Not Your Ordinary Barn

Designed by an architect, this unique building provides shelter for rescued wildlife and the humans who care for them.

From the road, you'd never guess what's living out behind Joe and Julie Tucker's Rye home. Behind the house (which the couple is planning to renovate), behind the three-car garage, behind the semi-circular driveway hides a sanctuary.

Here, there's respite for injured or rescued wildlife-and respite for the humans who tend to them. Here, you walk down the path and into a gentleman's farm, with green pasture, roaming animals (domesticated and rehabilitated) and a gentle Lab to guide you. Keep walking and you'll reach the barn-a barn that is not only home to recovering animals and everything they need but also, eventually, home for Joe and Julie.

The 5,200-square-foot barn-designed by architect Scott Fiorentino of Fiorentino Group Architects in York, Maine, and built by Joe and his talented team of professionals-features a woodworking shop on the lower level, eight stalls and a greenhouse on the ground floor, hay storage in the upper two-thirds of the building, and an 800-square-foot apartment overlooking the three-and-a-half-acre property.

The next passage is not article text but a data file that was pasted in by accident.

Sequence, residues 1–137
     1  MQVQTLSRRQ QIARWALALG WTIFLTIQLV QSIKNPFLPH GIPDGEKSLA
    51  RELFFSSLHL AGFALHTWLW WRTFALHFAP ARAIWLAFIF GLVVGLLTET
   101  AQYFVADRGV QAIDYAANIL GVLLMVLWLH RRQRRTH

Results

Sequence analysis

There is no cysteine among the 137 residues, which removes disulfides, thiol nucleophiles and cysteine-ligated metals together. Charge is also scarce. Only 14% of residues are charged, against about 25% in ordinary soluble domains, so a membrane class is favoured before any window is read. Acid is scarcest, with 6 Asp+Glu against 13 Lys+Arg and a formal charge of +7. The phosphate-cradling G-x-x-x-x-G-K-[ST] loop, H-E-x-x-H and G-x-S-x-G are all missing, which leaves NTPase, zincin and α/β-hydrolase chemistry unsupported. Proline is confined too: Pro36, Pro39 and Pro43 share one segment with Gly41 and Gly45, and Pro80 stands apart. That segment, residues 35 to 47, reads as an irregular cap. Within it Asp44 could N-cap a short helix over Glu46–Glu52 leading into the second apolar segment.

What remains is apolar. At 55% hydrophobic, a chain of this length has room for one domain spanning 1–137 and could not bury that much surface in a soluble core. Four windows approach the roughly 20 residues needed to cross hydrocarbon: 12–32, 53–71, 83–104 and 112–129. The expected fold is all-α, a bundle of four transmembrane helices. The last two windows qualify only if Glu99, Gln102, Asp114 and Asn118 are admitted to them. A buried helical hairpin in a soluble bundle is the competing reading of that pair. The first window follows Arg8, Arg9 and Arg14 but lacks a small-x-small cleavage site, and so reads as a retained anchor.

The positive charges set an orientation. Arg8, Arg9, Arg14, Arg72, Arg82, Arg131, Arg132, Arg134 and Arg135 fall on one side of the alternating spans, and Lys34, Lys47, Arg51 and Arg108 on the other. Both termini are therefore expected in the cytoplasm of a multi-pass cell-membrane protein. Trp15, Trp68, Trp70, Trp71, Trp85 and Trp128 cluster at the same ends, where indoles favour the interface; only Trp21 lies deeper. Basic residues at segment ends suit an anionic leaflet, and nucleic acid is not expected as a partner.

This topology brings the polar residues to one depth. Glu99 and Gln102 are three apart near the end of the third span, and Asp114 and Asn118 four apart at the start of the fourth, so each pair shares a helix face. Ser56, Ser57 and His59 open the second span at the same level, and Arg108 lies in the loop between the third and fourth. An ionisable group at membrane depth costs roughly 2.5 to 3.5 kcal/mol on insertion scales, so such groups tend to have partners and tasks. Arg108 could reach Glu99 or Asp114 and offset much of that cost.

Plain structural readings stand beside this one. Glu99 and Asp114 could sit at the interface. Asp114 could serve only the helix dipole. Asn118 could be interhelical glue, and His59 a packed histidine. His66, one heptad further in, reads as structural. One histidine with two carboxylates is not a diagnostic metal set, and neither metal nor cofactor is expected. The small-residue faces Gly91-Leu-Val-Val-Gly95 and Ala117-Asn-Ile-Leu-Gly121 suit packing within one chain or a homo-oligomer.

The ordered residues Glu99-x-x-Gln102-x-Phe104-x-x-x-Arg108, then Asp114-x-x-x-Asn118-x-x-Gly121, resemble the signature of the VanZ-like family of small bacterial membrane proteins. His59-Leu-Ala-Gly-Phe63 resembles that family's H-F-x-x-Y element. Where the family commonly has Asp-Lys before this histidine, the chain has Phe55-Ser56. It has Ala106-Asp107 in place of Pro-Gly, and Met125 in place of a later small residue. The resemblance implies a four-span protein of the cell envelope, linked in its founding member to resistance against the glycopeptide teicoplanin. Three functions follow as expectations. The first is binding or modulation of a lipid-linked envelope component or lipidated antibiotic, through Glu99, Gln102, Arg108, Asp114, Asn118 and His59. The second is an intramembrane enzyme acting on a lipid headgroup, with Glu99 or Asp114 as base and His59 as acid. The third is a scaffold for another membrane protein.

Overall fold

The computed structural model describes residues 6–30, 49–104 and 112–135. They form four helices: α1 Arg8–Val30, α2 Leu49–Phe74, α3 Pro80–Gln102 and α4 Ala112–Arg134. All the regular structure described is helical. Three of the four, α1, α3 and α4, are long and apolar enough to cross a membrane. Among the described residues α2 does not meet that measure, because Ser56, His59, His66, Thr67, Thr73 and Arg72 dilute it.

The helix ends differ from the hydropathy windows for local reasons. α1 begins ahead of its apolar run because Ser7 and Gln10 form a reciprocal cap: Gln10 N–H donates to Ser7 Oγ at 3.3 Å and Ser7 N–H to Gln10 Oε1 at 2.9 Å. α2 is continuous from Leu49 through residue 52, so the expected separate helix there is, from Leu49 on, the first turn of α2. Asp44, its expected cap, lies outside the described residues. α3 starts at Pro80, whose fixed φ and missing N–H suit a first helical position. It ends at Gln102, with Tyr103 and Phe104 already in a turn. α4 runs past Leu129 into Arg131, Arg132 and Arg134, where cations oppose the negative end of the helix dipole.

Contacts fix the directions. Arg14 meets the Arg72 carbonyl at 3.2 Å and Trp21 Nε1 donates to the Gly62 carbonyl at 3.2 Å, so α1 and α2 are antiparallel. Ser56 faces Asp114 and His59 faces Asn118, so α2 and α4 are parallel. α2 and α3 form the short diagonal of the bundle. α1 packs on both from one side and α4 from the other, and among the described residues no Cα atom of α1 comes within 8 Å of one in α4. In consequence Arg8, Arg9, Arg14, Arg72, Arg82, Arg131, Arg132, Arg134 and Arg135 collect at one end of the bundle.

"It feels like you're up in the trees," Julie says. "I just love it!"

Harmony in contrasts

The barn's style represents Joe and Julie's lives: rustic, yet modern. "The barn is totally unique compared to any other barn in the area," Fiorentino says. "It reflects Joe and Julie's personality so well. One night, you can find them enjoying a beautiful restaurant. The next morning, they'll welcome you in their boots and jeans, with mud up to their arms, totally loving it!"

With the post-and-beam barn designed and built as it would have at the turn of the nineteenth century, the rustic element of its design was certainly covered. Bringing in the modern took a little creativity.

"The living quarters were originally designed for a caretaker," Fiorentino says. "But Julie quickly fell in love with the space, and we brought it up a level to be more finished."